Medical school

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A medical school is any institution of education in medicine. In the United States, and in most other countries, a medical school confers the degree of Doctor of Medicine (abbreviated MD for the Latin name Medicinae Doctor) at the end of a four-year course of training. But some medical schools confer the rival degree of Doctor of Osteopathy, abbreviated DO.

The typical four-year course leading to the medical degree divides its years as follows:

  1. The Basic Sciences. These include anatomy, physiology, biochemistry, and cell biology. This last is often called microanatomy, to distinguish it from the "gross anato" of the human body.
  2. The Clinical Sciences. These include pharmacology, immunology, and other courses that treat the various disciplines of medicine strictly in the classroom or in specially equipped laboratories.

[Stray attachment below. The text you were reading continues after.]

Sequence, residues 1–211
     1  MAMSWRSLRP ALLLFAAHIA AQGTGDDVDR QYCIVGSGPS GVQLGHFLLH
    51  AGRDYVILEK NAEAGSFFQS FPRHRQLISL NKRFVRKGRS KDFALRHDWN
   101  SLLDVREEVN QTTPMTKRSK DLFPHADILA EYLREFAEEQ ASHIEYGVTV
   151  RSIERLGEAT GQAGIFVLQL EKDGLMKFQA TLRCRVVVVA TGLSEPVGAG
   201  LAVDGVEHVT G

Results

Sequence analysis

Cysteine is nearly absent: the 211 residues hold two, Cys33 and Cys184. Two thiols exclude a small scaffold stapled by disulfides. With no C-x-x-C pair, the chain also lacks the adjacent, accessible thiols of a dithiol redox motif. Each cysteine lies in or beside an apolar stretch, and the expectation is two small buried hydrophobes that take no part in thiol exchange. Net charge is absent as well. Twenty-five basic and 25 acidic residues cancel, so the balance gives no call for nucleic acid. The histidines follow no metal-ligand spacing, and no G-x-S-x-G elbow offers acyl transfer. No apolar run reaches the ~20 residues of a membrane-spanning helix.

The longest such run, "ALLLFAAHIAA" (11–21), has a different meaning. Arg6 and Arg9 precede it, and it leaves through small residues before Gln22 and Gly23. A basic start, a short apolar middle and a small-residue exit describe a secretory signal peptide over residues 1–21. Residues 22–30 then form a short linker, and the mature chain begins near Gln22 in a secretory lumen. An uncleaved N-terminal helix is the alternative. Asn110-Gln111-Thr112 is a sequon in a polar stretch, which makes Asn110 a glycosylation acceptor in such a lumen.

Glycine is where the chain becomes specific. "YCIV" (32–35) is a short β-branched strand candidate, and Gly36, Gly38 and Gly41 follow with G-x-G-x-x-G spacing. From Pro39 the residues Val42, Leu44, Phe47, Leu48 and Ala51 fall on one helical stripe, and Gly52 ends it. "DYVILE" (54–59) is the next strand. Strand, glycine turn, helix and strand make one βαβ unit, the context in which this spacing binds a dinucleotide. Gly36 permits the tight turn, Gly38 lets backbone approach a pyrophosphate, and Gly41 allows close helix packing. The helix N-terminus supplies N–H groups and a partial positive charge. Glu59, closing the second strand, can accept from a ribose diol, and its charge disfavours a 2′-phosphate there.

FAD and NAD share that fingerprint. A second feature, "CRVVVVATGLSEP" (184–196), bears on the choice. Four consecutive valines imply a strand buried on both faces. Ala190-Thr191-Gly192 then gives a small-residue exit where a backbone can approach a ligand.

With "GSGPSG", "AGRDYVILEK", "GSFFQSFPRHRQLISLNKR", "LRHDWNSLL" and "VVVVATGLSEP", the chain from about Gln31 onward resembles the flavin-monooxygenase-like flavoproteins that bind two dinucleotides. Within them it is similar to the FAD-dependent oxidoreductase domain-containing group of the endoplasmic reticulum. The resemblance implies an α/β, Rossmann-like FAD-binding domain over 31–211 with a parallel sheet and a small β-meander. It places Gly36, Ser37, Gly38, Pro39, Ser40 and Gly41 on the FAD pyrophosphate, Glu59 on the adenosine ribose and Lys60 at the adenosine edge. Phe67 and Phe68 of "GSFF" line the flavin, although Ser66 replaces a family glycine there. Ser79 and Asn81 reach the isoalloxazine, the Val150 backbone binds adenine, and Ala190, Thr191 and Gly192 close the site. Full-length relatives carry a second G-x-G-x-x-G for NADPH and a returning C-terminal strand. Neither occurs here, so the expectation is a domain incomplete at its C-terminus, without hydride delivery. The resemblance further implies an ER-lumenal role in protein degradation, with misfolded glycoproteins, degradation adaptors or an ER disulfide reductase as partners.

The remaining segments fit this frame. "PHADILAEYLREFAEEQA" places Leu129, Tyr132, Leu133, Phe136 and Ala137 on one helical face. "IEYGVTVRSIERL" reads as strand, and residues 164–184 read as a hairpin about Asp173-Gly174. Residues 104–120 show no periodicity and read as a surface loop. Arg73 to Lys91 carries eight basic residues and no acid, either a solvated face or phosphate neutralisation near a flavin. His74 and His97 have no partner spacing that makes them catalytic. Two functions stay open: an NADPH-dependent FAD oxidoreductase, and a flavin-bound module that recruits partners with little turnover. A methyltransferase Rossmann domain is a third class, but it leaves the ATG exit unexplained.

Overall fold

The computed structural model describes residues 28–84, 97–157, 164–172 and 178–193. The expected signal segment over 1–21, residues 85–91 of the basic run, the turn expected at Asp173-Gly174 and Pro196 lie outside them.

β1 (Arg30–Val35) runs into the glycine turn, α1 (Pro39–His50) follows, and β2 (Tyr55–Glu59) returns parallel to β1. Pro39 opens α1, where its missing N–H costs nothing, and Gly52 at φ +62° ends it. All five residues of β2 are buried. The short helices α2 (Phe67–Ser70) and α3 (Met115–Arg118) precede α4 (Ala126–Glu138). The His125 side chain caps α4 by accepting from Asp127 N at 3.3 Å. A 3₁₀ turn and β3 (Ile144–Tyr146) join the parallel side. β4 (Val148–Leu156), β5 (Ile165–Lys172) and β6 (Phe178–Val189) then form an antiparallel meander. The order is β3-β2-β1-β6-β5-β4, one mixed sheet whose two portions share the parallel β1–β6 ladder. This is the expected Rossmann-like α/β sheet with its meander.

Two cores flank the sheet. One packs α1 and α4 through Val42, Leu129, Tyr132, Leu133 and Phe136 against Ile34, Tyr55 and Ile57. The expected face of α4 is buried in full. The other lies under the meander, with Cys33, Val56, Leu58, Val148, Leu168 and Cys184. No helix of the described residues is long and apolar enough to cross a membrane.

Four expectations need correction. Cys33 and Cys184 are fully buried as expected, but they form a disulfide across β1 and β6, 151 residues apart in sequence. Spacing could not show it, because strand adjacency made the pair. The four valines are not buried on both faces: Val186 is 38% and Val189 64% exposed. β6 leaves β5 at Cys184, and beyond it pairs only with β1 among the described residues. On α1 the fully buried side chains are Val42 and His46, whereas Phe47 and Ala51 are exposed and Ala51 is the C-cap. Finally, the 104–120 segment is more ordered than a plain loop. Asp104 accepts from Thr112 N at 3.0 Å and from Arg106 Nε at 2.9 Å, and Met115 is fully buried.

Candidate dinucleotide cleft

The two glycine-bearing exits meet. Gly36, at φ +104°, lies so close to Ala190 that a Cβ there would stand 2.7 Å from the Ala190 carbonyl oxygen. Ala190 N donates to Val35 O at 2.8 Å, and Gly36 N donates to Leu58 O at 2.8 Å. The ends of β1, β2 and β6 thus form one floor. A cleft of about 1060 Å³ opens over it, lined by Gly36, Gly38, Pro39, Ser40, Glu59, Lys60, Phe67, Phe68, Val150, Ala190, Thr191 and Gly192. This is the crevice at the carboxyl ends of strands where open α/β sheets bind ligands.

3. Clinical Clerkships. A clinical clerk is a junior medical student assigned as the most junior member of a clinical team in a hospital. The most common core clinical clerkships are in internal medicine, surgery, obstetrics and gynecology, pediatrics, and psychiatry. In addition, most medical schools require their students to take any of several eligible clerkships, or "selectives," in pathology.
  4. Externships. An extern is a senior-level medical student who also might be assigned to a clinical team in a hospital. An extern will carry responsibilities higher than those of a clinical clerk but less than those of a resident. The name extern distinguishes the student from an intern, who today is a first-year resident.

All medical schools run residency programs. A resident is any recent graduate of medical school undergoing specialized training to prepare him for practice in a particular discipline of medicine.